Marriage has taught me the art of a humble, sincere apology. Even more, the art of humble, sincere forgiveness.
Not many people require my endless forgiveness or my endless repentance. But the person who sees my most authentic self, the one with whom I live, with whom I build my life, with whom I strive for Heaven? I find countless moments that require apologies and forgiveness.
The type of mercy Jesus refers to in today’s Gospel (Matthew 18:21–19:1)—mercy given freely and without delay—is only possible by His grace.
Asking for forgiveness over and over again requires humility. When I unintentionally hurt my spouse, I come face-to-face with my sinfulness. But to run from my brokenness would be to run from reconciliation. So the Lord invites me to humble myself in the midst of my mess, to ask forgiveness, and to seek healing.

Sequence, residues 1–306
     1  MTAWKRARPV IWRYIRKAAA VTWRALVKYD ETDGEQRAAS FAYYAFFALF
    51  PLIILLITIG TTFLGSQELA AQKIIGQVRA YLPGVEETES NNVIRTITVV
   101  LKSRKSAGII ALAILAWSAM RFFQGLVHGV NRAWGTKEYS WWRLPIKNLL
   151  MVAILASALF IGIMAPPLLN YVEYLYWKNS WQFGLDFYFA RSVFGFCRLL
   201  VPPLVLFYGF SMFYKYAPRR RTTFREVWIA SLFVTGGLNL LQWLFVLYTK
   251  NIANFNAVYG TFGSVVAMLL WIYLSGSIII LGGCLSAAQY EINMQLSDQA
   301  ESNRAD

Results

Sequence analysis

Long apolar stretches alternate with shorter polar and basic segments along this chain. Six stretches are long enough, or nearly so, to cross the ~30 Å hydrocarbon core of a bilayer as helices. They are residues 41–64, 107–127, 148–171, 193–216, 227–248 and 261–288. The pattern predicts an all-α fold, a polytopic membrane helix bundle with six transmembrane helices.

On the flip side, the act of forgiving is also only possible by the grace of God. To be unintentionally wronged by the one I love is painful. But in His own merciful love, Jesus grants me the grace to be “moved with compassion” (Matthew 19:1).
In these moments, when my husband and I approach one another, sorry and sad, we hug and beg, “Be patient with me” (Matthew 18:21).
God is a patient and generous teacher (see Alleluia). He has given us His Word, and the eyes with which to see and the ears with which to hear (see Ezekiel 12:2). And His Word tells us that the path to lasting peace and reconciliation is humility, repentance, and forgiveness. When we truly forgive one another, we give the world a glimpse of the merciful love of God.
I have the blessing of living and learning this alongside the person I love most.
Forgiving and seeking forgiveness both require humility and bravery, honesty and action, sincerity and resolve. Only by His grace is this truly possible and, thankfully, He gives it freely.When we truly forgive one another, we give the world a glimpse of the merciful love of God. // @to_the_heights Click To Tweet